- The conscience and legacy of the messianic superman also reflects in series like SUPREME, SUPERMAN: Red Son, INVINCIBLE, and JUPITER'S CHILDREN; and films like UNBREAKABLE, SUPERMAN RETURNS, and HANCOCK.
- The general gravity of godbeings on humanity continue in series like PLANETARY, THE AUTHORITY, TOP 10, and BLACK HAMMER.
- "Olympus" has the most heinous villain ever known. His actions have been swiped ever since, for far lesser effect, from the idiot ultraviolence of early Image Comics to DC's use of Black Adam in the WWIII event series.
- The movies have also borrowed out from that crucial finale showdown, from THE MATRIX REVOLUTIONS to MAN OF STEEL and BATMAN v. SUPERMAN.
- Miraclewoman is the exact template for Carol Danvers' emergence as Captain Marvel.
But, finally, this cultural amnesia has been corrected.
Now Marvel Comics has rectified the grievous error of his absence by reprinting the MIRACLEMAN series, with remastered art, new color and lettering, and all-star covers. MIRACLEMAN #14-16 culminated Alan Moore's run with the latter half of "Olympus" this year, followed by Gaiman and Buckingham's "The Golden Age" arc. (Now it remains for that duo to at last create and release their final two arcs.)
All three of Moore's arcs are now in hardback volumes:
- Book 1: A Dream Of Flying
- Book 2: The Red King Gambit
- Book 3: Olympus
May miracles never cease.
-SPIDER-GWEN, by Jason Latour and Robbi Rodriguez ⇧ _______
The two best concepts in Spider-Man since 1973 are Miles Morales and the alternate Gwen Stacy. Get into the swing of why.
-THE UNBEATABLE SQUIRREL GIRL (Vol. 1 and 2), by Ryan North and Erica Henderson ⇧ _______
Marvel's most chipper and dale superhero is all charm and no harm in this hilarious series.
-MS. MARVEL, by G. Willow Wilson, Adrian Alphona, Takeshi Miyazawa, and Ian Herring _______
New Jersey's finest, Ms. Kamala Khan.
-THOR, by Jason Aaron And Russell Dauterman _______
She who is the most worthy possesses the power.
-BLACK WIDOW, by Nathan Edmondson and Phil Noto _______
Ludlum wiles with graphic style.
-HOWARD THE DUCK, by Chip Zdarsky and Joe Quinones _______
The artist of SEX CRIMINALS proves just as worthy a scribe with this admirable return of the foul-mouthed fowl.
-SILVER SURFER, by Dan Slott, Michael Allred, and Laura Allred _______
Cresting on that Lee/Kirby magic.
-WEIRDWORLD, by Jason Aaron and Mike Del Mundo _______
A crisis of infinite Fantasy characters, with dazzling art.
S T A R
W A R S
R e a w a k e n s
STAR WARS is having three renaissances right now: on the screen, on television, and on the page.
The spirit of the original trilogy is all-pervasive now: STAR WARS: The Force Awakens vivified the theaters, STAR WARS: Rebels reanimated animation, and Marvel's superior Star Wars comics revitalized the page.
When Marvel Comics adapted STAR WARS in 1977, the cash bonanza literally saved the company. But they were operating for the next nine years of the series with three disadvantages: the monthly grind wore out creative teams; the creators were more versed in the Marvel Method than being faithful; and their stories were guessing wild in the three years between films.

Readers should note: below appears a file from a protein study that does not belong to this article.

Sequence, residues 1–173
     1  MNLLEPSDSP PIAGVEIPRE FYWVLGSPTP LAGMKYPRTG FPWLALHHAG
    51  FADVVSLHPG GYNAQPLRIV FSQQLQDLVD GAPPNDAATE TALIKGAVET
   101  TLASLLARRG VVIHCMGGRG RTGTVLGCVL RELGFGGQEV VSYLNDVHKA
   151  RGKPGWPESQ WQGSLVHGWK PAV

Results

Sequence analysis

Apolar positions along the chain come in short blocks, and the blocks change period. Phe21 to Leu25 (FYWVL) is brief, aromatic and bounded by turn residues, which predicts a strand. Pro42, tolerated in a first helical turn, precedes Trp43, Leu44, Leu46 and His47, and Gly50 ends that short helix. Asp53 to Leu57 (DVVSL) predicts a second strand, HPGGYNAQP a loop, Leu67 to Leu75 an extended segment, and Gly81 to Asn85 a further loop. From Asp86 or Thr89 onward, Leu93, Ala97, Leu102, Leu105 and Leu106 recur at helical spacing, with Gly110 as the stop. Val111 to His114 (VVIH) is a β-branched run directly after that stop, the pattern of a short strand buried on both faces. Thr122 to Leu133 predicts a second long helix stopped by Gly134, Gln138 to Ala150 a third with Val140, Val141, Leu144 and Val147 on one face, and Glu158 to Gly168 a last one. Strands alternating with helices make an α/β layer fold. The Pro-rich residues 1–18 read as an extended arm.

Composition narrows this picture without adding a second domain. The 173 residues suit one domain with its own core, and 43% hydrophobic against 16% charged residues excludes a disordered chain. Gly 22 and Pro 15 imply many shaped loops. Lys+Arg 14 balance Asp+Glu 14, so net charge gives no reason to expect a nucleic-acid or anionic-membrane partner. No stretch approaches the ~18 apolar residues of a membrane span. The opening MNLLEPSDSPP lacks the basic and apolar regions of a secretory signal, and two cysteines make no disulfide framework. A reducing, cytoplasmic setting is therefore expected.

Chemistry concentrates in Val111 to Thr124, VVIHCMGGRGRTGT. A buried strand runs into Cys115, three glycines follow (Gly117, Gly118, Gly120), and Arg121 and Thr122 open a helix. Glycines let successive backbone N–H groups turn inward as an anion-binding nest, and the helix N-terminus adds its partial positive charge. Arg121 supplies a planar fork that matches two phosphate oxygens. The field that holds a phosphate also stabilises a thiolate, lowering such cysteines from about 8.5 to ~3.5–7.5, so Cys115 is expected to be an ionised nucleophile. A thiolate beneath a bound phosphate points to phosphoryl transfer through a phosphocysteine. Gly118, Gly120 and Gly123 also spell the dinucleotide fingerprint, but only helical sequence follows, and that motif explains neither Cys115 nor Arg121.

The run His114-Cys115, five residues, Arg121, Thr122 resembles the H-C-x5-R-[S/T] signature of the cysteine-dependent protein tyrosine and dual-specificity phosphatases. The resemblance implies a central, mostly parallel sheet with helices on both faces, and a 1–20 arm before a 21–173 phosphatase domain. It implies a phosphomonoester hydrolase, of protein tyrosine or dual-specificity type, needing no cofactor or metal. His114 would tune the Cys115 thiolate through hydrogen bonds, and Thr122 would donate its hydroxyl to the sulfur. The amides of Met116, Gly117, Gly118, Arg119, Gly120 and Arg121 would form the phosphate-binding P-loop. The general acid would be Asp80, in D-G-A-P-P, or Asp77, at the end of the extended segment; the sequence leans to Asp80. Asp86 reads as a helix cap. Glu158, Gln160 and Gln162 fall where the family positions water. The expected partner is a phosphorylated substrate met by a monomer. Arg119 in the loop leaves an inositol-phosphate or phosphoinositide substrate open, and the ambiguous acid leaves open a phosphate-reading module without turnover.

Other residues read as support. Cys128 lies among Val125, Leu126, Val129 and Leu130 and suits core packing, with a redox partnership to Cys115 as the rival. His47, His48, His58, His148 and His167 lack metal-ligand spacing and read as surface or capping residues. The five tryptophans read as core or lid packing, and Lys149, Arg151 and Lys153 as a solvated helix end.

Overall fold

Now that has changed completely: Marvel phases rotating art teams around short, planned-out story arcs by singular writers; the writers and artists are lifelong SW fans riveted over every detail; and they all now know the first six films inside out. (It should be noted that Dark Horse also did many fine series with the franchise in the '90s and '00s.)
The result is that Marvel is crafting first-rate stories that look and read like movies between the movies. They capture the framing, the lighting, the pace, the dialogue, the sharp details. But most importantly, they match the quality of the films with stories that reveal the surprising events and motivations between each movie.
Presently, they are telling the three years between 'A NEW HOPE' and 'THE EMPIRE STRIKES BACK' in two titles that happen concurrently, the Rebel side of events with STAR WARS and the Imperial side with DARTH VADER.
-STAR WARS, by Jason Aaron and John Cassaday ⇧
This series captures all of the repartee of the lead trio -Luke, Leia, and Han- amid all the gallavanting and dive-bombing. Along the way it weaves in elements of the total narrative while clearing up unresolved continuity mysteries.
-DARTH VADER, by Kieron Gillen and Salvador Larroca ⇧
Running parallel to it, this series does the amazing feat of tying together the totality of Vader. With almost zen elegance it creates a complex composite of his younger self resonant within the emergent Sith Lord, and his motivations for the future because of, all by implication and subtlety. Here, silences speak volumes. If the companion comic's 'movie' seems directed by Whedon, this one would be by Kurasawa.
Vader is abetted by two genuinely unnerving death droids and by Dr. Aphra, a young woman reflecting Leia and Han at their least ethical, a breakout character just as valuable as Rey in the new films.
There are also excellent supplementary mini-series and one-shots, including these standouts.:
-STAR WARS: Princess Leia, by Mark Waid, Terry Dodson, and Rachel Dodson _______
A nouvue-esque escapade that quietly ties Leia to her mother.